Instead of recession, find out what inversion might signal
Certain U.S. yield curves have inverted recently—a potential early warning sign that recession could be a year or so away. However, in the current cycle, inversion might be signalling something different to investors.
Last month saw the inversion of U.S. ten-year and three-month Treasurys, and the Canadian 10-year yield dropping below the Bank of Canada’s overnight rate.
Instead of portending a recession, the yield curve might be indicating that markets expect central banks to “ease policy enough to keep the cycle going” as global growth slows, said CIBC chief economist Avery Shenfeld in a report.
Shenfeld first explained why inversion is different this cycle. In most historical cases of recession, short rates must be quite elevated to surpass longer-term yields, but that’s not true for this cycle because longer rates are now at a “lower normal,” he said.
That new low reflects a lighter volume of capital spending, bond buying by central banks under quantitative easing and regulatory demands for institutions to hold safe assets, Shenfeld said in the report. Further, decades of tame inflation have subdued investor fear of any inflation upside, he said, reducing the risk of investing in bonds at modest nominal yields.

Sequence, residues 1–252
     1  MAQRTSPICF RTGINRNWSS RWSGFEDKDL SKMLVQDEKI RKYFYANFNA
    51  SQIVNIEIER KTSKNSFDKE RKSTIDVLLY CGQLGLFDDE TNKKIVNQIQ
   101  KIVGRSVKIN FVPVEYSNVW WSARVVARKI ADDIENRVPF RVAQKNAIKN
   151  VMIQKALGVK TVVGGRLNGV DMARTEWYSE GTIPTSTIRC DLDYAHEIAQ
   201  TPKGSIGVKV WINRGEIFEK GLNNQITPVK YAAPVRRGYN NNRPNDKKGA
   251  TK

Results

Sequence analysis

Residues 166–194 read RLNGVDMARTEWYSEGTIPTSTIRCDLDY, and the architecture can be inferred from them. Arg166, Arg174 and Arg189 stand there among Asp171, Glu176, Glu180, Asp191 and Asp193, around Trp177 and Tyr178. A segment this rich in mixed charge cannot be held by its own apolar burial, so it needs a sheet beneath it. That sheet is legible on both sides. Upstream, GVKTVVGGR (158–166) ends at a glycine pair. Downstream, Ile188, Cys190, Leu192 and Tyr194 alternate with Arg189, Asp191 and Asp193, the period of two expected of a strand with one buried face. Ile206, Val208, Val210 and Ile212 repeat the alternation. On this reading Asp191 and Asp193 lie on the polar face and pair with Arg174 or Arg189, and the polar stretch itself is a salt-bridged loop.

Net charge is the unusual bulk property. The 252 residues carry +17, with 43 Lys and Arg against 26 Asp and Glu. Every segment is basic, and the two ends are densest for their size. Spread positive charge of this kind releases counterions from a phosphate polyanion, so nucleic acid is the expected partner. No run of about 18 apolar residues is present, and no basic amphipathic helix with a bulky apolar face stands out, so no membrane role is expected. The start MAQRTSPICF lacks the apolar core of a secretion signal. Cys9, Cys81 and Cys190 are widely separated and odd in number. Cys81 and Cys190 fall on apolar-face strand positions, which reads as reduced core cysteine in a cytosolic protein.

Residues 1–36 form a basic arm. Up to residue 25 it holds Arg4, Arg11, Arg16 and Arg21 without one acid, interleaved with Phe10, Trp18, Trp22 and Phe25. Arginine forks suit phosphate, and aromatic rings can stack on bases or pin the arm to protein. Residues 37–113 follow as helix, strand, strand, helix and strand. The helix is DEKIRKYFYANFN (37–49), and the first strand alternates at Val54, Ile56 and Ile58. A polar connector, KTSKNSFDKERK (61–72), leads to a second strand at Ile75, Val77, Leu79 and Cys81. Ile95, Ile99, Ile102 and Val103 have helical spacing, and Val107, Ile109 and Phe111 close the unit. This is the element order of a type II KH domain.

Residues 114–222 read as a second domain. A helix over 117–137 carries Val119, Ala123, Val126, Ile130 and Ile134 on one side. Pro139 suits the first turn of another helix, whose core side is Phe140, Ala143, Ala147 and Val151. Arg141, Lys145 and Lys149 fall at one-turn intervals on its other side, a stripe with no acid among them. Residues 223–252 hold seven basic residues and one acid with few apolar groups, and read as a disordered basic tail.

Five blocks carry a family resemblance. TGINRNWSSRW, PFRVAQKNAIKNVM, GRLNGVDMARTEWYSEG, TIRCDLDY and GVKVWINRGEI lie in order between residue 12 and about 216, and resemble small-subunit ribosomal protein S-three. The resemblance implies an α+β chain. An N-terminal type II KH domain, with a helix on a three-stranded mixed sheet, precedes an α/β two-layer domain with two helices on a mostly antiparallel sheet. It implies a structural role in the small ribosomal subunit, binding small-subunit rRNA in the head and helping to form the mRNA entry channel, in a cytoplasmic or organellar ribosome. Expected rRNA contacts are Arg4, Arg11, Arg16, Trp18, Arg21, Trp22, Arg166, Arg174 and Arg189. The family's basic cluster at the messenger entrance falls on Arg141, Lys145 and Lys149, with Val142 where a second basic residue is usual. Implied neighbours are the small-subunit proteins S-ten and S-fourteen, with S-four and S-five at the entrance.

“With longer rates anchored, we need less drama in short rates to invert the curve,” he said.
As such, inversion indicates that markets see enough signs of slowdown in economic growth to bet on central bank rate cuts. “Anyone buying a mid-term bond at a yield below a three-month bill is doing so under the assumption that three-month rates are set to fall,” Shenfeld said.
CIBC forecasts a Fed rate cut in 2020 when fiscal stimulus ends. In Canada, the central bank is less likely to cut rates (assuming a single Fed rate cut), considering the Bank of Canada didn’t hike rates as much as the Fed to being with, Shenfeld said. However, a series of Fed cuts would likely result in challenges for exporters as the Canadian dollar firmed, potentially causing the Bank of Canada to cut rates as well.
In a report, HSBC Global Asset Management says it’s not changing its multi-asset investment view, which tilts toward risk assets, as a result of curve inversion.
It says the trigger for U.S. curve inversion last month was weaker-than-expected German manufacturing data, published at a time when investors were already nervous given slower global growth and the sharp rally in risk assets at the beginning of the year. That weakness in the eurozone was extrapolated to the global economy—but incorrectly so, HSBC says.
“Modest but acceptable growth, a lack of broad-based inflation pressures and dovish global monetary policy implies to us a relatively constructive environment for risk assets,” the report says. That outlook, along with global equities that are fairly valued, supports the asset manager’s stance to maintain its overweight position on equities in multi-asset portfolios.
Within fixed income, HSBC says it remains underweight government bonds, which reflect poor valuations. For example, 10-year bond yields are below zero and 10-year Treasury yields recently hit their lowest in more than a year.